8/06/2015Thank you Ad. It is only a discussion piece in the sense that to do full justice to the topic would require a piece two or three times as long - perhaps room for a couple of follow-up pieces. :-) As you point out, the key argument is that our current emphasis on matters economic, following a neo-liberal (IPA) agenda is undermining democracy and making 'the people' less relevant in government decision making.


8/06/2015Ken: your basic thesis is correct. It is NOT "the economy stupid". It is the people that count and the economy should serve their interests. Once we get that right, things begin to fall into place. Economic "growth" has no meaning if it is restricted to just 1% of the population, and even the IMF and World Bank are coming to this conclusion (rather too late after all the damage they have done).


9/06/2015Human Rights Commissioner Gillian Triggs has been looking out for the welfare of others, it has been alleged. Gillian Triggs Accused Of Human Rights The Shovel on June 8, 2015 Immigration Minister Peter Dutton has laid out damning evidence that suggests Professor Triggs has a long history of human rights. As recently as last week it is claimed she spoke out on behalf of a minority group. If found guilty of human rights, Professor Triggs could be forced to step down from her role as Human Rights Commissioner.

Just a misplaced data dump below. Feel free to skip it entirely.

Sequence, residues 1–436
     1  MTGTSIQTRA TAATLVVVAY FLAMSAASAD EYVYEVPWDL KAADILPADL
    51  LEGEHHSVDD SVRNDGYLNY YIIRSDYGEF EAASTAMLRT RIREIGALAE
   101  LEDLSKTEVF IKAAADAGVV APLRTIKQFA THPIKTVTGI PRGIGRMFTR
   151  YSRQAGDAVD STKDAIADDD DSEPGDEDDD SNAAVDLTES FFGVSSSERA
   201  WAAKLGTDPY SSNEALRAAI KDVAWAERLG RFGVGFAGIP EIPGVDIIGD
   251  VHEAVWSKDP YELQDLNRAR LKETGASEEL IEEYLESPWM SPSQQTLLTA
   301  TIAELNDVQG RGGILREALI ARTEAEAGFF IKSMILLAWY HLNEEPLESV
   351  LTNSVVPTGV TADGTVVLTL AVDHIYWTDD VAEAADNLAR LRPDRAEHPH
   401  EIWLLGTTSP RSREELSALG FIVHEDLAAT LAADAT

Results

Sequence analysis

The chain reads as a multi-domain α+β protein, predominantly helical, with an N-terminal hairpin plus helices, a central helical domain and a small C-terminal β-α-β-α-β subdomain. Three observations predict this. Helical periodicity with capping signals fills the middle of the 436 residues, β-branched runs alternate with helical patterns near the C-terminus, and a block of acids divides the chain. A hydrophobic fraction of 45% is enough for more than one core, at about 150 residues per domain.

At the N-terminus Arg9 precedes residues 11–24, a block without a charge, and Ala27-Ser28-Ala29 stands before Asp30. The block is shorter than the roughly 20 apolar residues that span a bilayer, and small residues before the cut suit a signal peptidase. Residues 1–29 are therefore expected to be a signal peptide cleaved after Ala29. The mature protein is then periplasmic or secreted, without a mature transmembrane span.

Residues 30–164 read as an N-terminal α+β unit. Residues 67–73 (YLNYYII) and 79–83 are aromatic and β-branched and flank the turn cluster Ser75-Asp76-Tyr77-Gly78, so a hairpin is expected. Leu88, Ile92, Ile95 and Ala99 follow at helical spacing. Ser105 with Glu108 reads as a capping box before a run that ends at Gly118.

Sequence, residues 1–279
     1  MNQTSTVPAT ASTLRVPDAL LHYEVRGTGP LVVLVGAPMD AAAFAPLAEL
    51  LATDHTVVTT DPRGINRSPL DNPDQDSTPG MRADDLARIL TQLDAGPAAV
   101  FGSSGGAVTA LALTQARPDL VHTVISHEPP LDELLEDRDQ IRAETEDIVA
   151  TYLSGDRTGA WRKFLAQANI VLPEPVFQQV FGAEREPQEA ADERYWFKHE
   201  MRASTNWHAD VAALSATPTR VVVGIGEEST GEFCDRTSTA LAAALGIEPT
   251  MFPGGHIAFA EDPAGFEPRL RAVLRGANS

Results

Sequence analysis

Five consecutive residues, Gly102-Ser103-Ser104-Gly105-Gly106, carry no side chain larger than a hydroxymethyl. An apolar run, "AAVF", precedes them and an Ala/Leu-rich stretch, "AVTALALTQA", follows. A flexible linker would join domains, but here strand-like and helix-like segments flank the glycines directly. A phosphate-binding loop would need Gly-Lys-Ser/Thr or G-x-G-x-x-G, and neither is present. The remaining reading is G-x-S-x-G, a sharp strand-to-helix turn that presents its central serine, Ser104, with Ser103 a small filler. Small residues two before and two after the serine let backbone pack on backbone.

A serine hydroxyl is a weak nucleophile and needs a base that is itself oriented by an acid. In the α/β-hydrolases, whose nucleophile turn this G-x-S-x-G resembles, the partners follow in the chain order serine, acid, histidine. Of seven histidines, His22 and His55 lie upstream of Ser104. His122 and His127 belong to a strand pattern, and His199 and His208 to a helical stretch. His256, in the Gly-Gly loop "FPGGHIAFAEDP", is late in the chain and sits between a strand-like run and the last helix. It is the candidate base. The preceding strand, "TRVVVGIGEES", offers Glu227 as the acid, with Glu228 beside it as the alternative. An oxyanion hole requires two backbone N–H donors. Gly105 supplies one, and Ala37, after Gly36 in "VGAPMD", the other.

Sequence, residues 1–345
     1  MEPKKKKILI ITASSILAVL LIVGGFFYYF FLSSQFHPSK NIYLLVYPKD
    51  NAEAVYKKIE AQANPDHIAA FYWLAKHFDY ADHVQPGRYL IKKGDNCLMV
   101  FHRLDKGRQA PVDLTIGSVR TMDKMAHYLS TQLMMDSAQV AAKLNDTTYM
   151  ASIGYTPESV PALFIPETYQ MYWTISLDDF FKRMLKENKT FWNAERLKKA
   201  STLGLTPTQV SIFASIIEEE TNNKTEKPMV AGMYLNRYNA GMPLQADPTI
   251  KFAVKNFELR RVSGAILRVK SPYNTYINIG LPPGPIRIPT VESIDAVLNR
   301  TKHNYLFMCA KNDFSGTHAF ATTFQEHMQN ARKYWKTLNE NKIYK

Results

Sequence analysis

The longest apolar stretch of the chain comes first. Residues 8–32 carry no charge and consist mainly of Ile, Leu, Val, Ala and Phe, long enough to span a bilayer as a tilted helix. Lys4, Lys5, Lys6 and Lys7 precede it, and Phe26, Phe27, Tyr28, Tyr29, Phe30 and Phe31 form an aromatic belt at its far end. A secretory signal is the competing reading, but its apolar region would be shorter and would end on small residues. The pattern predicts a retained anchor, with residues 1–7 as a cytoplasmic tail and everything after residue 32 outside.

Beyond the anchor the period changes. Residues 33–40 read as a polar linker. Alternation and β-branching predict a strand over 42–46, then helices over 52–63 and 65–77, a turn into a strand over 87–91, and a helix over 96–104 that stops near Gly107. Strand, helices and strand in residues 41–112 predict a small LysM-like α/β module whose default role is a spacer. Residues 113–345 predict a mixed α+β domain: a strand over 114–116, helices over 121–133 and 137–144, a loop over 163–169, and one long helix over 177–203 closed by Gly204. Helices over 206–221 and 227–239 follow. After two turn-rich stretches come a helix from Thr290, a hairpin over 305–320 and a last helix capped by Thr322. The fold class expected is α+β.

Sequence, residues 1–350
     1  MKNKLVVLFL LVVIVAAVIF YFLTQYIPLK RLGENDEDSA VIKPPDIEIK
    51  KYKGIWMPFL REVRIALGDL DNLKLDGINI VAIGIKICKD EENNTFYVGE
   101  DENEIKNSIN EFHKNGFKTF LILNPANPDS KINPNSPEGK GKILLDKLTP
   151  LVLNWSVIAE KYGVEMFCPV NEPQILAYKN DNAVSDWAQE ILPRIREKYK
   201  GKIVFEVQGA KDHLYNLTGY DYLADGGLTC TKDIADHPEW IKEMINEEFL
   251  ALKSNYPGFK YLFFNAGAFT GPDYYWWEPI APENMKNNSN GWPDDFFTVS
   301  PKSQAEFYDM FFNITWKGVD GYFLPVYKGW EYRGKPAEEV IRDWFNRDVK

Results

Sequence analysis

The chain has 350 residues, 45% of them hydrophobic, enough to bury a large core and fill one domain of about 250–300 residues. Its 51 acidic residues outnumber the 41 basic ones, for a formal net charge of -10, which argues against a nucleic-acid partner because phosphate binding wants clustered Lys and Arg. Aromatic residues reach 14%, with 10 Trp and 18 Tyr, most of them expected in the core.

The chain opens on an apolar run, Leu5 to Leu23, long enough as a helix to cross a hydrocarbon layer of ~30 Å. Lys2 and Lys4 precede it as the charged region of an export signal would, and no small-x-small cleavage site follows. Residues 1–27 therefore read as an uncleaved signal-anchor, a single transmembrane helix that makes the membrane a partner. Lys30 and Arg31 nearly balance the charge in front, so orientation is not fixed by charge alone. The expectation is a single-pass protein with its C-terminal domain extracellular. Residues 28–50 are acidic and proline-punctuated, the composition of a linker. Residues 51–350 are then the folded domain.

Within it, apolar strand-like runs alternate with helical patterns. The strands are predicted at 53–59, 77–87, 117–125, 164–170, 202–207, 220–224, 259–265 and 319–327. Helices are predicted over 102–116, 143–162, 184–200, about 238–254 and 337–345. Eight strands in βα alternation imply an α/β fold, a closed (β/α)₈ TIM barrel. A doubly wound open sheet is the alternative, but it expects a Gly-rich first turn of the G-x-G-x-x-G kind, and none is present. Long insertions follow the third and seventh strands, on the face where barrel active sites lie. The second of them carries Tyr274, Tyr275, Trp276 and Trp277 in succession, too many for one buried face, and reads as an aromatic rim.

9/06/2015totaram Thank you and I agree completely with your comment. Governments are supposed to be focused on the well-being of society, not the well-being of the economy. The economy is important to allow governments to act but, as you say, it really requires politicians to have a different mind-set where the economy is used to support the needs of the people rather than wringing their hands and saying we can't do anything for the people unless we get the economy right. As you say, the economy will follow if the people are allowed to drive it.


9/06/2015Ken Ad astra already said it perfectly, 'magnificent discussion piece', but let me add, you have provided us an awesome explication of the dilemmas facing governments, most pressingly in those countries with large sovereign debt, but in fact everywhere, including Australia. I use the word 'awesome' quite properly here, meaning I can only appreciate and acknowledge your essay, without being able to contribute much at all. Poor Greece, what a problem it has, yet as you say it has brought sharp focus to the situation, and it may in fact force the international community to finding new behaviours, including the willingness to take "haircuts" in order not to lose their heads! Totaram You're right, (and Abborrrtt's fixation on Debt is dead wrong), Government's primary responsibility is to its constituents, not just the 1%. It's gone far too far the 1%'s way already. Casablanca That sounds serious for Gillian Triggs! Going to your link now. All Murdoch's minions And All Abborrrtt's clowns Can't force our Gillian Triggs to stand down!